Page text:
Paramore’s “The News” (2023) is not the first protest song of its kind. Many different artists and bands have also formerly written songs relating to the news, television, and mass media. I have found three rock songs released prior to “The News” that have similar perspectives, while providing their own opinions on the subject.

Green Day – “American Idiot” (2004)

One of the most notable media-protesting song is Greenday’s “American Idiot.The song was released in 2004 as a part of the punk rock band’s seventh studio album, also titled American Idiot.

In an 2022 article from the American Songwriter magazine, it discusses the state of the world at the time the song was written and released. America was only months into the Iraq War, and the media coverage of the event overseas had become quite overbearing and even deceptive. According to the author, the band’s lead singer, Billie Joe Armstrong, had openly detested the war and the ways in which it was broadcasted on the news across the nation. He exemplifies his anger in a few verses of the song:

Don’t wanna be an American idiot / Don’t want a nation under the new media / And can you hear the sound of hysteria? / The subliminal mindfuck America

Don’t wanna be an American idiot / One nation controlled by the media / Information age of hysteria / Calling out to idiot America

This Green Day song definitely conveys a more hostile message of not just mass media, but the American government as a whole. “American Idiot” also still proves to be relevant today, almost two decades after its initial release, as Armstrong has referenced the song on social media while encouraging voters to “wake up and vote.”

Incubus – “Idiot Box” (1997)

An earlier song released with a similar message is the 1997 rock song “Idiot Box” by Incubus.

This song provides a critique of television similar to to “The News.” Both feature lyrics that question the content of television, and the need to “turn off,” or in the lyrics of this song, “rid myself of this idiot box.”

TV, what do I need? Tell me who to believe? / What’s the use of autonomy when button does it all? / TV, what did I see? Tell me who should I be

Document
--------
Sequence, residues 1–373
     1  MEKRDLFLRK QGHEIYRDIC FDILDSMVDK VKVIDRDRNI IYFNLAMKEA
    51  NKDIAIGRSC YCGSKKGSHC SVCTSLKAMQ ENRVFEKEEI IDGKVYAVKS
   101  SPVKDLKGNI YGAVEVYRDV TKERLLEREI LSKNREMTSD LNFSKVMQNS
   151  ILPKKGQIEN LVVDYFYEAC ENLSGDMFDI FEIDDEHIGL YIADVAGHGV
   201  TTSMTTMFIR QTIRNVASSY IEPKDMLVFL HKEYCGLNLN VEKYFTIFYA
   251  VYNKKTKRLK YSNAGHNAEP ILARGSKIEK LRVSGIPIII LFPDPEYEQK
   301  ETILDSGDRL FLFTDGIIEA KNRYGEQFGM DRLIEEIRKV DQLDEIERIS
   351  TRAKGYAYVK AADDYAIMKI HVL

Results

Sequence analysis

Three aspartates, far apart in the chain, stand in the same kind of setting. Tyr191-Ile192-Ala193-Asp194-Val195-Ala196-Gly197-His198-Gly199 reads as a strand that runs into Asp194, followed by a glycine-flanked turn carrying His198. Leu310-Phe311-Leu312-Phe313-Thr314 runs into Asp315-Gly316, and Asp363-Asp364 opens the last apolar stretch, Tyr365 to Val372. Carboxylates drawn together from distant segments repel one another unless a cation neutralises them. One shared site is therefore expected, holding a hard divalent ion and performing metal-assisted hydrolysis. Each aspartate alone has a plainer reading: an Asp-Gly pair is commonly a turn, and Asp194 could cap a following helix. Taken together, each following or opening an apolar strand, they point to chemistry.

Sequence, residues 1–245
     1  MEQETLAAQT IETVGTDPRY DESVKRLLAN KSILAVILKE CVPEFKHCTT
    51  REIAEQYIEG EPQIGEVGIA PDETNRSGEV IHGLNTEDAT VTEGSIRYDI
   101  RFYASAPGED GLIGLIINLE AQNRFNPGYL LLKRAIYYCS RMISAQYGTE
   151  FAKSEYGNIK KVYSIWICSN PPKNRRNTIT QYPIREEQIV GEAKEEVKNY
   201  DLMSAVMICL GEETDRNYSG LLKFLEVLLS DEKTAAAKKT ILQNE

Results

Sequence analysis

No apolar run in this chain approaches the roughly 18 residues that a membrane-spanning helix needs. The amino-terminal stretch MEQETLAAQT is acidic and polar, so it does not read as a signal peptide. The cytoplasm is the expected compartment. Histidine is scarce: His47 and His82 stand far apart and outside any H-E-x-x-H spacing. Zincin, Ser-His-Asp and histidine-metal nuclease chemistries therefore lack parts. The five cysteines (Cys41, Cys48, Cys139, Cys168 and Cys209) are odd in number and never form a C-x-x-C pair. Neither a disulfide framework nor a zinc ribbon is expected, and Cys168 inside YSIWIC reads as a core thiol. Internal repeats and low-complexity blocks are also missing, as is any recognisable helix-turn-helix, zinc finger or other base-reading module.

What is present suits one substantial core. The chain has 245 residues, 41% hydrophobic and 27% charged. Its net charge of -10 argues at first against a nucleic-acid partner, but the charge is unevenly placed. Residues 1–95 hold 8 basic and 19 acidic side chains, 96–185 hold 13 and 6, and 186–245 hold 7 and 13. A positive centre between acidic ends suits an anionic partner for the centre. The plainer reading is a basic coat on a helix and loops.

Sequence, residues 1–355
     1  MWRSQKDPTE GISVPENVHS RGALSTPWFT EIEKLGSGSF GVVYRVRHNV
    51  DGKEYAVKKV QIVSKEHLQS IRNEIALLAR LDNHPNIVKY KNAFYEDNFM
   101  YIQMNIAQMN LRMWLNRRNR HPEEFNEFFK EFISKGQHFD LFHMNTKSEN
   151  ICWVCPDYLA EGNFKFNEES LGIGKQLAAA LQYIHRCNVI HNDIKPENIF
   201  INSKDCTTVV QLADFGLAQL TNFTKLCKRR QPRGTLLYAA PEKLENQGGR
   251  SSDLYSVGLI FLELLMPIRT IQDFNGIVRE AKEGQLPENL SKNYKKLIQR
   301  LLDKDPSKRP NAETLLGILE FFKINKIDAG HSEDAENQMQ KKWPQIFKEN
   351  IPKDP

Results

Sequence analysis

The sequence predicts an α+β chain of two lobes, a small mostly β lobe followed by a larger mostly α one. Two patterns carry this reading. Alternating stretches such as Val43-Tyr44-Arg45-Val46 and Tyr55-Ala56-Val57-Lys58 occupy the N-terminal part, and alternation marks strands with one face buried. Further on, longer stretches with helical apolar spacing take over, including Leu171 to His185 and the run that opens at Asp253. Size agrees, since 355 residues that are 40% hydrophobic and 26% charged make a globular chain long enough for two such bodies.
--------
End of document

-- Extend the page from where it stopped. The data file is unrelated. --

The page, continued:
Let me see past the fatuous knocks / I’ve got to rid myself of this idiot box

The song questions the overall purpose of the television, and calls out the fantasies and facades commonly delivered to consumers of media through TV.

Frank Zappa and The Mothers of Invention – “I’m the Slime” (1973)

The final song of this lineage is “I’m the Slime” by Frank Zappa and The Mothers of Invention. This song was released in 1973 and presents a more graphic take on protest against television and the media.

“I’m the Slime” features many disturbing lines that describe how the television functions as a source of mass communication and the effects it can have on consumers:

I’m a tool of the government / and industry too / I am destined to rule / and regulate you 

I may be vile and pernicious / But you can’t look away / I make you think I’m delicious / With the stuff that I say / I’m the best you can get / Have you guessed me, yet? / I’m the slime oozin’ out from your TV set

You will obey me while I lead you / And eat the garbage that I feed you / Until the day that we don’t need you / Don’t go for help, no one will heed you / Your mind is totally controlled / It has been stuffed into my mold / And you will do as you are told / Until the rights to you are sold

The songs lyrics, albeit rather gross and extremely dramatized, do convey a very strong message about television. This song was particularly interesting to listen to because, in my opinion, it made predictions about the future of television that may have been an attempt to scare listeners from watching TV. Overall, this song creates a very grotesque and uncomfortable perspective of television for listeners.


There were many different messages being delivered by each of the four songs. However, some common themes I connected between the songs heavily related to distrusting the media and media manipulation, along with the effects of TV consumerism that have a “brainwashing” effect on viewers. This can be seen in many verses of each song, and primarily relates back to the music video for Paramore’s “The News,” which will be discussed at a later point.